Abstract

The range of validity and the accuracy of scalar diffraction theory for periodic diffractive phase elements (DPE’s) is evaluated by a comparison of diffraction efficiencies predicted from scalar theory to exact results calculated with a rigorous electromagnetic theory. The effects of DPE parameters (depth, feature size, period, index of refraction, angle of incidence, fill factor, and number of binary levels) on the accuracy of scalar diffraction theory is determined. It is found that, in general, the error of scalar theory is significant ( > ±5%) when the feature size is less than 14 wavelengths (s < 14λ). The error is minimized when the fill factor approaches 50%, even for small feature sizes (s = 2λ); for elements with an overall fill factor of 50% the larger period of the DPE replaces the smaller feature size as the condition of validity for scalar diffraction theory. For an 8-level DPE of refractive index 1.5 analyzed at normal incidence the error of the scalar analysis is greater than ±5% when the period is less than 20 wavelengths (Λ < 20λ). The accuracy of the scalar treatment degrades as either the index of refraction, the depth, the number of binary levels, or the angle of incidence is increased. The conclusions are, in general, applicable to nonperiodic as well as other periodic (trapezoidal, two-dimensional) structures.

© 1994 Optical Society of America

Full Article  |  PDF Article

References

  • View by:
  • |
  • |
  • |

  1. M. Born, E. Wolf, Principles of Optics, 6th ed. (Pergamon, Oxford, 1980), p. 402.
  2. D. A. Gremaux, N. C. Gallagher, “Limits of scalar diffraction theory for conducting gratings,” Appl. Opt. 32, 1948–1953 (1993).
    [CrossRef] [PubMed]
  3. M. G. Moharam, T. K. Gaylord, “Diffraction analysis of surface-relief gratings,” J. Opt. Soc. Am. 72, 1385–1392 (1982).
    [CrossRef]
  4. J. W. Goodman, Introduction to Fourier Optics (McGraw-Hill, New York, 1968), Chap. 6.
  5. R. Petit, ed., Electromagnetic Theory of Gratings (Springer-Verlag, Berlin, 1980), p. 15.
  6. M. C. Hutley, Diffraction Gratings (Academic, London, 1982), p. 184.
  7. T. K. Gaylord, M. G. Moharam, “Analysis and applications of optical diffraction by gratings,” Proc. IEEE 73, 894–937 (1985).
    [CrossRef]

1993 (1)

1985 (1)

T. K. Gaylord, M. G. Moharam, “Analysis and applications of optical diffraction by gratings,” Proc. IEEE 73, 894–937 (1985).
[CrossRef]

1982 (1)

Born, M.

M. Born, E. Wolf, Principles of Optics, 6th ed. (Pergamon, Oxford, 1980), p. 402.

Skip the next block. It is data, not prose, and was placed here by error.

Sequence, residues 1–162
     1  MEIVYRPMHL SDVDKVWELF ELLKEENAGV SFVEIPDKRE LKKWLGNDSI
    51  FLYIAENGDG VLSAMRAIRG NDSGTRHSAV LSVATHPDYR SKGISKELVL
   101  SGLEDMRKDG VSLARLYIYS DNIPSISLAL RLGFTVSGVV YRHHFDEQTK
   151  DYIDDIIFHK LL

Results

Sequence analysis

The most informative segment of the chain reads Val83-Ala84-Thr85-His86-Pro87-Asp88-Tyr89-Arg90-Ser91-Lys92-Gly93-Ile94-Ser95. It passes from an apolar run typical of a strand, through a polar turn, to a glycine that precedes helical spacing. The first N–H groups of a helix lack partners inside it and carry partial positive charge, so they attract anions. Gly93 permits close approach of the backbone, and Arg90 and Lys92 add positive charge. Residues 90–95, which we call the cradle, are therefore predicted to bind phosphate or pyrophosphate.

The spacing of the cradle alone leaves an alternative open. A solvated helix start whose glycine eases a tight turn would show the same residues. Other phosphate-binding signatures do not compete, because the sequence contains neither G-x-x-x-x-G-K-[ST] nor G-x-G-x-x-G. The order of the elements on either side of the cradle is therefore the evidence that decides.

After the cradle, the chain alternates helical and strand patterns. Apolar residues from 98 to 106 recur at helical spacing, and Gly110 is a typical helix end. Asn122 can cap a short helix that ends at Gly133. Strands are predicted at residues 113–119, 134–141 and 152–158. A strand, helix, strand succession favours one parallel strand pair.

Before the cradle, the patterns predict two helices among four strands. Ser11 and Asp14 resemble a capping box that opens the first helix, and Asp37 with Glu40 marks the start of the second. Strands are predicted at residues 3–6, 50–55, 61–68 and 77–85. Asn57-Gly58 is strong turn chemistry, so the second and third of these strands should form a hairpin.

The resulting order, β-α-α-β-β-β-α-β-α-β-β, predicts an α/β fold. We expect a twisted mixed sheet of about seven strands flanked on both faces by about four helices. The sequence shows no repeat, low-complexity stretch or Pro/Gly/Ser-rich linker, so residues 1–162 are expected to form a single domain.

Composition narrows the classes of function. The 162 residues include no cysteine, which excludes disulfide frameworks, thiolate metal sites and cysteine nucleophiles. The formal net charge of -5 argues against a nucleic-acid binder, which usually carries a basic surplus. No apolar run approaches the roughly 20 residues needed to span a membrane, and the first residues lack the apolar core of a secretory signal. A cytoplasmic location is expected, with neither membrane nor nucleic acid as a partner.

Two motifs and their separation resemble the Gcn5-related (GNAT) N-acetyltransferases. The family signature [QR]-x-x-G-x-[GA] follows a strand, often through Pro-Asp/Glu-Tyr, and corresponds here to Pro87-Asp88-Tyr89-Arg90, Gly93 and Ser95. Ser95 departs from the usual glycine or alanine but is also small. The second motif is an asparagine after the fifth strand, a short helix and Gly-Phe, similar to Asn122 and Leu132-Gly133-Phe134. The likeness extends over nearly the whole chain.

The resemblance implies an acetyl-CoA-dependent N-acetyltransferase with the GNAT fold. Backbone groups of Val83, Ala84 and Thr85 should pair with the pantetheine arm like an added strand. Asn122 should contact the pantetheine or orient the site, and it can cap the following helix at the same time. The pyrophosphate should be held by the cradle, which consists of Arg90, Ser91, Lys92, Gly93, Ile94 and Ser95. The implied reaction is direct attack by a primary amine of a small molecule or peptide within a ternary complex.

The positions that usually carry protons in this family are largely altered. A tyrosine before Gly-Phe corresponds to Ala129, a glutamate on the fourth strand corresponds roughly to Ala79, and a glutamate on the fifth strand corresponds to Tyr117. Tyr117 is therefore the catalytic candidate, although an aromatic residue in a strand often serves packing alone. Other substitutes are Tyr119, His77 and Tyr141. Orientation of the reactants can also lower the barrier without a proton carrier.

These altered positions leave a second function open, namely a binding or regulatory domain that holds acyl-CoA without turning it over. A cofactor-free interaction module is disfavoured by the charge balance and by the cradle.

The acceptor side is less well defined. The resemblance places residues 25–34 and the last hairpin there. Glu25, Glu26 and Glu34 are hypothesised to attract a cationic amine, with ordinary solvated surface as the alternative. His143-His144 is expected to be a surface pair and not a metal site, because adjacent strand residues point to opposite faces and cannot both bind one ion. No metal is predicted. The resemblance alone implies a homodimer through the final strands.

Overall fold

Gallagher, N. C.

Gaylord, T. K.

T. K. Gaylord, M. G. Moharam, “Analysis and applications of optical diffraction by gratings,” Proc. IEEE 73, 894–937 (1985).
[CrossRef]

M. G. Moharam, T. K. Gaylord, “Diffraction analysis of surface-relief gratings,” J. Opt. Soc. Am. 72, 1385–1392 (1982).
[CrossRef]

Goodman, J. W.

J. W. Goodman, Introduction to Fourier Optics (McGraw-Hill, New York, 1968), Chap. 6.

Gremaux, D. A.

Hutley, M. C.

M. C. Hutley, Diffraction Gratings (Academic, London, 1982), p. 184.

Moharam, M. G.

T. K. Gaylord, M. G. Moharam, “Analysis and applications of optical diffraction by gratings,” Proc. IEEE 73, 894–937 (1985).
[CrossRef]

M. G. Moharam, T. K. Gaylord, “Diffraction analysis of surface-relief gratings,” J. Opt. Soc. Am. 72, 1385–1392 (1982).
[CrossRef]

Wolf, E.

M. Born, E. Wolf, Principles of Optics, 6th ed. (Pergamon, Oxford, 1980), p. 402.

Appl. Opt. (1)

J. Opt. Soc. Am. (1)

Proc. IEEE (1)

T. K. Gaylord, M. G. Moharam, “Analysis and applications of optical diffraction by gratings,” Proc. IEEE 73, 894–937 (1985).
[CrossRef]

Other (4)

M. Born, E. Wolf, Principles of Optics, 6th ed. (Pergamon, Oxford, 1980), p. 402.

J. W. Goodman, Introduction to Fourier Optics (McGraw-Hill, New York, 1968), Chap. 6.

R. Petit, ed., Electromagnetic Theory of Gratings (Springer-Verlag, Berlin, 1980), p. 15.

M. C. Hutley, Diffraction Gratings (Academic, London, 1982), p. 184.

Cited By

OSA participates in CrossRef's Cited-By Linking service. Citing articles from OSA journals and other participating publishers are listed here.

Alert me when this article is cited.


Figures (16)

Fig. 1
Fig. 1